Onychocryptosis, also known as unguis incarnates, or ingrown toenail is a common form of nail disease.
An ingrown toenail is a common condition in which the corner or side of one of your toenails grows into the soft flesh of the toe. Normal toenail growth should be vertical or outward toward the tip of the toe. The abnormal extension of the toenail pushes into the surrounding skin, causing discomfort.
A break in the skin causes inflammation and infection of the toe. The inflammation often causes more thickening of the nail skin fold, further exacerbating the problem. The protruding piece of nail keeps pushing into the skin, causing further injury and pain.
Ill-fitting shoes are one of the main causes of ingrown toenails. The downward pressure from wearing shoes causes the sideways growing portion of nail to poke into or pinch off a small piece of skin at the outer edge of the toe.
Other common causes include cutting your toenails incorrectly. Like many people, when you trim your toenails, you may taper the corners so that the nail curves with the shape of your toe. But this technique may encourage your toenail to grow into the skin of your toe. The sides of the nail curl down and dig into your skin.
Heredity can also be a factor to developing ingrown toenails. If you were born with nails that are too large for your toes or nails that naturally curve, you may be more at risk of developing ingrown toenails.
Injuries to the big toe may ensue with ingrown toenails. Bumping of an affected toe can produce sharp pain as the tissue is punctured further by the nail.
Some people are more prone than others to ingrown toenails:
- athletic adolescents and children
- congenital foot deformity and congenital toenail malformation
- very long toes or naturally short toes
- obesity and diabetes
- fungal nail disease
- prior nail surgery
- abnormal nail growths
- excessive foot sweating
Trimming your nails correctly and wearing shoes that give your toes more room could help to prevent developing ingrown toenails. You should also trim your nails regularly, cutting them straight across the top prevent them from growing too long.
Ingrown toenails can be a recurring condition. Managing and altering your daily lifestyle can prevent that from occurring.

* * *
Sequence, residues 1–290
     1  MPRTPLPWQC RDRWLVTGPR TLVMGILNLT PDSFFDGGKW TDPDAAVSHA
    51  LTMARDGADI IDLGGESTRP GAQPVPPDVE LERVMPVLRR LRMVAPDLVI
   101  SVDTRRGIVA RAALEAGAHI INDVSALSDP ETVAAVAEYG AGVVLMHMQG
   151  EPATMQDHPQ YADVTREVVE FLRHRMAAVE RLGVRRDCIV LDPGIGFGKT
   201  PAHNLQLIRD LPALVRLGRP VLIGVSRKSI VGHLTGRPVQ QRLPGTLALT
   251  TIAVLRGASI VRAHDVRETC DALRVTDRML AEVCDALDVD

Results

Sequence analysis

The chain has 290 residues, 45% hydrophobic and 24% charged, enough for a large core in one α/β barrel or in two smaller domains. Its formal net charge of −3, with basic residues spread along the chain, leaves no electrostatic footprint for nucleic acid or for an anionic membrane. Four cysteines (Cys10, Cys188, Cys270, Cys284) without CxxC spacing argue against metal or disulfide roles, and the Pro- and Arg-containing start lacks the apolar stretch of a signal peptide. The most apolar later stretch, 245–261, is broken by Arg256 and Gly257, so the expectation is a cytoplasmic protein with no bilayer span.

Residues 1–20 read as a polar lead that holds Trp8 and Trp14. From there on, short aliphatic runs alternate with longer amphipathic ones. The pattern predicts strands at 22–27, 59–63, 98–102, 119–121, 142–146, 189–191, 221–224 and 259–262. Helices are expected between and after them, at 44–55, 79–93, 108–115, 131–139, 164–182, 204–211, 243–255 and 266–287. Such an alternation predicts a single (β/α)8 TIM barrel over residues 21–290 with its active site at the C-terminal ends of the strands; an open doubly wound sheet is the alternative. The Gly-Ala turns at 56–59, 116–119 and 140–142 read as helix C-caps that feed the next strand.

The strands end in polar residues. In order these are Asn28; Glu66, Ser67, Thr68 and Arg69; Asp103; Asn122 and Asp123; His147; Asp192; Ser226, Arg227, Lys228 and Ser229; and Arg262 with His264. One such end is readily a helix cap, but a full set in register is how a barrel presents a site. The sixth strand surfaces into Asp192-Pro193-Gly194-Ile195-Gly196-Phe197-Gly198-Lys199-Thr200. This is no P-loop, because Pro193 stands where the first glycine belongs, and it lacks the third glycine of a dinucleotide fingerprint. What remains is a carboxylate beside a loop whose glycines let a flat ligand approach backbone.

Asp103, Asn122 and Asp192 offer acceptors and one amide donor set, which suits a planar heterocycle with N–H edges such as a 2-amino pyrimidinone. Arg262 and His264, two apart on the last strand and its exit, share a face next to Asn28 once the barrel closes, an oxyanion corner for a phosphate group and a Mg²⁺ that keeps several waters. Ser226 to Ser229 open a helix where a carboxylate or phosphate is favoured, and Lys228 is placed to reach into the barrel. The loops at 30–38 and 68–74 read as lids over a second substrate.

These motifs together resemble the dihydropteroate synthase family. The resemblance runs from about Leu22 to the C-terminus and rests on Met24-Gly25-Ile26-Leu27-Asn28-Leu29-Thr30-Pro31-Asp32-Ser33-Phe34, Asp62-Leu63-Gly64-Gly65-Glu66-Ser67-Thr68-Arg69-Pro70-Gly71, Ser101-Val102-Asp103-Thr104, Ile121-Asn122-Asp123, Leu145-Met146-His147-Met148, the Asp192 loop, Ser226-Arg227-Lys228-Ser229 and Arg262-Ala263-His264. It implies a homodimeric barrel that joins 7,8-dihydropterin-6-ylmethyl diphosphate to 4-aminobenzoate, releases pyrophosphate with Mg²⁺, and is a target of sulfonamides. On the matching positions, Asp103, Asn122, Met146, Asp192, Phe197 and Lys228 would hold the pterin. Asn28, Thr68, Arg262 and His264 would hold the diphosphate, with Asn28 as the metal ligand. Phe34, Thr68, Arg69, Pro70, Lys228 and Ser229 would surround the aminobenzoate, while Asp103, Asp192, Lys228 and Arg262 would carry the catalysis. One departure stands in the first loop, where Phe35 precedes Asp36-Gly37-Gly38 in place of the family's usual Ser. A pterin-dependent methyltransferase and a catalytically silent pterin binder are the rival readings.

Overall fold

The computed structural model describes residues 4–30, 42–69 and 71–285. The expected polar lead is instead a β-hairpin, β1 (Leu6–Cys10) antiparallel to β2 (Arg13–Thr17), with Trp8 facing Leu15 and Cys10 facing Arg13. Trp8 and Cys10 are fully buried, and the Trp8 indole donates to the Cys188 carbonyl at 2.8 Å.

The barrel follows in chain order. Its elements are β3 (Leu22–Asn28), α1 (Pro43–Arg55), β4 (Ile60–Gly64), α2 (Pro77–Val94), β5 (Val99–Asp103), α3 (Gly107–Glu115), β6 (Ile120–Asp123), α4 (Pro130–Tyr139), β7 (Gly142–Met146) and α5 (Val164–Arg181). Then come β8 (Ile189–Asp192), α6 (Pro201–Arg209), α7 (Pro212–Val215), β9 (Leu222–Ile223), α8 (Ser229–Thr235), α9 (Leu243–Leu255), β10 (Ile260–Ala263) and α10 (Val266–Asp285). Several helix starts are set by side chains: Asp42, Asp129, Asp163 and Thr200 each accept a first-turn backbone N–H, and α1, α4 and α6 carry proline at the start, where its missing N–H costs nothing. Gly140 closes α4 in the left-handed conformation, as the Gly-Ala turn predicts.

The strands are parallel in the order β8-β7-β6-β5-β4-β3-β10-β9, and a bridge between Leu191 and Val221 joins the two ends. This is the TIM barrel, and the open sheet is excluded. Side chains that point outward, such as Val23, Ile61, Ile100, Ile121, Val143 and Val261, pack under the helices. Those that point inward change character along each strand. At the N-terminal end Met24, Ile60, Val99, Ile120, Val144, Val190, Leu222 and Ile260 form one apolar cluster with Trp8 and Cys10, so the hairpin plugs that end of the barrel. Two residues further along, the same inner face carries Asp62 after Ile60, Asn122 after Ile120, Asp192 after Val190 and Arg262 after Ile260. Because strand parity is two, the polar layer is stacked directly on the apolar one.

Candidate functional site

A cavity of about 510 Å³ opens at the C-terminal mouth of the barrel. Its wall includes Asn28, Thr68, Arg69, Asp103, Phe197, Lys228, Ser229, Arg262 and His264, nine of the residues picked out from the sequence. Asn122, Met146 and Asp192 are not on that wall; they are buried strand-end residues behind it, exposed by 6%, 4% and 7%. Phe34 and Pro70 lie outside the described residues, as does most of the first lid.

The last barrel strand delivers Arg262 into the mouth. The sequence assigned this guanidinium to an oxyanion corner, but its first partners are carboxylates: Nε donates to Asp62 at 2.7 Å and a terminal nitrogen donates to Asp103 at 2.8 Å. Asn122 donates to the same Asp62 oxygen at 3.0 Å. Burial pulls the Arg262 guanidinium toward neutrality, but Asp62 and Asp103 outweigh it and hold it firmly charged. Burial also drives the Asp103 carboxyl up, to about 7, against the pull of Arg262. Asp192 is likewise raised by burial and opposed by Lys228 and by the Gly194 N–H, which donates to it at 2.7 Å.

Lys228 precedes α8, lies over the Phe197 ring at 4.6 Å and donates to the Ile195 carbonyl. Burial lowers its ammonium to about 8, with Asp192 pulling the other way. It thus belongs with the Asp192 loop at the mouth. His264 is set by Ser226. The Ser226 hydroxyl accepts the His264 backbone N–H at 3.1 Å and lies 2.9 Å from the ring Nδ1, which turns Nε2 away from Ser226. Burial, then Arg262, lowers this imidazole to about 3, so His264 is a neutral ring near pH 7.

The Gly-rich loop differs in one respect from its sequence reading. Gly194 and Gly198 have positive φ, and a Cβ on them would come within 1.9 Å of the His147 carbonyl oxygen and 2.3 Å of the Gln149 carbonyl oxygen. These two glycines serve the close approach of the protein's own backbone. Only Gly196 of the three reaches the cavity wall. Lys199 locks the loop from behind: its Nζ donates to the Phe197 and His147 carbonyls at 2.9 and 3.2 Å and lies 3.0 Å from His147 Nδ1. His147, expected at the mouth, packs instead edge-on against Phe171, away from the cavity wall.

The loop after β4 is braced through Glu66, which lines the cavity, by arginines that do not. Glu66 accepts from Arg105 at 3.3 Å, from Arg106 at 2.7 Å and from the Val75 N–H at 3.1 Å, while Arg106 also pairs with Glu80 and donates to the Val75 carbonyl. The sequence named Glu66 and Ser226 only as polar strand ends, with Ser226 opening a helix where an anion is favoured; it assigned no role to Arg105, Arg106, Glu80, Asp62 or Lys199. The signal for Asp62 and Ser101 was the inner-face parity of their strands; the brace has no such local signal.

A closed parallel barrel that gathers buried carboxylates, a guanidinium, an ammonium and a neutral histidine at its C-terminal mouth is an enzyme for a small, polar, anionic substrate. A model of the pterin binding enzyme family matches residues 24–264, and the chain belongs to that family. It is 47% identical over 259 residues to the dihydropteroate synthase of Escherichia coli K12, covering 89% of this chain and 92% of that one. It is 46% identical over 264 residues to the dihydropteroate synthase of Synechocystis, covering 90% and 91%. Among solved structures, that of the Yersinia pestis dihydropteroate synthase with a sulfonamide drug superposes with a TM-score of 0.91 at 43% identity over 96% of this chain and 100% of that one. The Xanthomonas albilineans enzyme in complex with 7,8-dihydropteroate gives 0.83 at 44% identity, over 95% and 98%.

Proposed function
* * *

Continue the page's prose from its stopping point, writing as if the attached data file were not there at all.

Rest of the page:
Signs & Symptoms
Symptoms of an ingrown nail include:
- Sensitivity to pressure of any kind, even the weight of bed sheets
- Pain along the margins of the nail
- Worsening of pain when wearing tight footwear
- Swelling at the base of the nail on the side of the ingrown toenail
By the very nature of the condition, ingrown nails become easily infected unless special care is taken to treat the condition early on and keep the area clean. Signs of infection include:
- Redness and swelling of the area around the nail
- Drainage of pus and watery discharge tinged with blood
Ingrown toenails should be treated as soon as they are recognized. If they are recognized early (before infection sets in), home care may prevent the need for further treatment:
- Soak the foot in warm water 3-4 times daily.
- Keep the foot dry during the rest of the day.
- Wear comfortable shoes with adequate room for the toes. Consider wearing sandals until the condition clears up.
- Place cotton or waxed dental floss between the toe and the tissue beneath it. The cotton or Waxed dental floss should be changed every day.
If there is no improvement in 2-3 days, or if the condition worsens, call your doctor.
Surgery is effective in eliminating the nail edge from growing inward and cutting into the fleshy folds as the toenail grows forward. Permanent removal of the nail may be advised for children with chronic, recurrent infected ingrown toenails.
Partially removing your nail:
For a more severe ingrown toenail, your doctor may trim or remove the ingrown portion of the nail. Before this procedure, your doctor may temporarily numb your toe by injecting it with an anaesthetic.
This procedure is called wedge resection of the nail. It does not affect the growing part of the nail. New nail will start growing after a while.
Removing nail and tissue:
For a recurrent ingrown toenail, your doctor may suggest removing a portion of your toenail along with the underlying tissue to prevent that part of your nail from growing back.
The germinal matrix (the part of the nail bed that grows the nail) is removed. We remove only the portion of the germinal matrix that grows the nail that causes the problem.
This surgery is commonly termed “Zadik’s procedure”.
Approximate Timeline Summary for Ingrown Toenail Surgery Recovery:
- Day 1 – Regardless of which procedure you have, you will be able to walk out under your own power. Though you will probably be able to drive your vehicle just fine, you might want to consider having a friend or family member join you at the doctor’s office so that they can drive you home.
- 1-2 Weeks – Patients undergoing a partial toenail removal without disturbing the nail matrix can typically expect healing to occur over a period of 7-14 days
- 2-8 Weeks – Patients with particularly problematic ingrown toenail conditions may have extended recovery time frames, especially if infection interrupts the healing process
- 8+ Weeks – Patients requiring a full nail avulsion with destruction of the nail matrix may require more than 2 months of healing.
The toe has to be fully recovered before resuming foot or nail treatments of any kind on the affected toe.